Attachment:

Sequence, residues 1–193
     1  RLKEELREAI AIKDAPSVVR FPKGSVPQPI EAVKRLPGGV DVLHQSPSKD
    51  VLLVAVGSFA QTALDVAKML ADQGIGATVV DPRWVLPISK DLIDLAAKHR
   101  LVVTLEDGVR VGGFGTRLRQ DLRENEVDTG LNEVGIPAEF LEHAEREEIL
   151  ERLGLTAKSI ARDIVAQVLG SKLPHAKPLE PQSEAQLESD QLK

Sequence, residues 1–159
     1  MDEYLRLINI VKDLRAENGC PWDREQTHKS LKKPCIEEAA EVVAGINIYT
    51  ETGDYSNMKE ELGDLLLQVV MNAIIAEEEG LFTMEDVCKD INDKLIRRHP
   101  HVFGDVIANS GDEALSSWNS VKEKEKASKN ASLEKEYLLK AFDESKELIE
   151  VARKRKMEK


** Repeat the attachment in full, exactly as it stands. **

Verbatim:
Sequence, residues 1–193
     1  RLKEELREAI AIKDAPSVVR FPKGSVPQPI EAVKRLPGGV DVLHQSPSKD
    51  VLLVAVGSFA QTALDVAKML ADQGIGATVV DPRWVLPISK DLIDLAAKHR
   101  LVVTLEDGVR VGGFGTRLRQ DLRENEVDTG LNEVGIPAEF LEHAEREEIL
   151  ERLGLTAKSI ARDIVAQVLG SKLPHAKPLE PQSEAQLESD QLK

Sequence, residues 1–159
     1  MDEYLRLINI VKDLRAENGC PWDREQTHKS LKKPCIEEAA EVVAGINIYT
    51  ETGDYSNMKE ELGDLLLQVV MNAIIAEEEG LFTMEDVCKD INDKLIRRHP
   101  HVFGDVIANS GDEALSSWNS VKEKEKASKN ASLEKEYLLK AFDESKELIE
   151  VARKRKMEK